Elizabeth N. Mulvey, a member of the Task Force, said, “For our part, as trial lawyers dedicated to fairness for all involved, we concluded that the absence of important safeguards available in most civil actions, coupled with the significant, long-term impact of these decisions on the participants, warrant the intermediate standard of proof we have recommended. We submit that the preponderance of evidence standard for a finding of responsibility in these cases is too low when the stakes are so high, and the full protections provided by our traditional judicial system are not available.
“The Task Force carefully reviewed the processes followed in handling complaints of sexual assaults at colleges and universities across America. Our recommendations for improvements reflect the fundamental principles of fairness and due process that are deeply ingrained in our legal system, while recognizing the realities of school resources, the campus setting, and the particular needs of young participants,” said Ms. Mulvey.
The ACTL report observed that there have been recent statements by respected faculty from a number of law schools declaring that those subject to such investigations or charges are being denied fundamental rights. These concerns about fairness and due process have been echoed in a number of recent decisions by state and federal judges in cases brought by accused or disciplined students. There is no clear consensus as to how much process is constitutionally or contractually required to be provided to the subjects of such investigations
The new ACTL report suggests a procedural framework for colleges and universities to use in these difficult cases that recognizes the need for a fair and manageable process for the complaining party, the accused and the institution.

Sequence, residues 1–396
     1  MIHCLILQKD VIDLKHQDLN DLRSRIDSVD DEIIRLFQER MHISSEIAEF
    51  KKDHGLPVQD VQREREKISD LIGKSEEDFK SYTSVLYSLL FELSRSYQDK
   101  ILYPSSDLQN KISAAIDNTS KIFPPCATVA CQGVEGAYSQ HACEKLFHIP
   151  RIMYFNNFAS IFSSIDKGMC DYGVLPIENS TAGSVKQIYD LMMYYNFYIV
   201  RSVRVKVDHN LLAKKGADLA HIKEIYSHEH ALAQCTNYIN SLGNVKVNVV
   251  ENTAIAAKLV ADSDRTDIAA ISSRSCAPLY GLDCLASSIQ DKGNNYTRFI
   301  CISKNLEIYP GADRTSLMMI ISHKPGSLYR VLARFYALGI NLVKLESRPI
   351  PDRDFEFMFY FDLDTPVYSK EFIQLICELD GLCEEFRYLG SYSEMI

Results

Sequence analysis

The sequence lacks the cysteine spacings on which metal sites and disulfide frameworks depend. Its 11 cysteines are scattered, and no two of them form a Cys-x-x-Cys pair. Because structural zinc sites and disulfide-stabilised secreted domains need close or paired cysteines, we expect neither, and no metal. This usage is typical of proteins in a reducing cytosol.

The Fellows of ACTL are diverse by gender, race, age and field of practice. They represent victims of crime, those accused and the prosecution. The work of the Task Force constitutes one of the first comprehensive statements on the important issue of college sexual assault by a group not representing a particular interest. The members of the Task Force were Pamela Robillard Mackey, Chair; members of the ACTL Board of Regents Ritchie E. Berger and Elizabeth N. Mulvey; Past President Earl J. Silbert; and Fellow A. Gilchrist Sparks III.
About The American College of Trial Lawyers
The American College of Trial Lawyers (ACTL) is composed of preeminent members of the Trial Bar from the United States and Canada and is recognized as the leading trial lawyers organization in both countries. Fellowship is extended by invitation only to those experienced trial lawyers who have mastered the art of advocacy and whose professional careers have been marked by the highest standards of ethical conduct, professionalism, civility and collegiality. ACTL maintains and seeks to improve the standards of trial practice, professionalism, ethics, and the administration of justice through education and public statements on important legal issues relating to its mission. ACTL strongly supports the independence of the judiciary, trial by jury, respect for the rule of law, access to justice, and fair and just representation of all parties to legal proceedings. For more information about ACTL, visit its website at www.actl.com.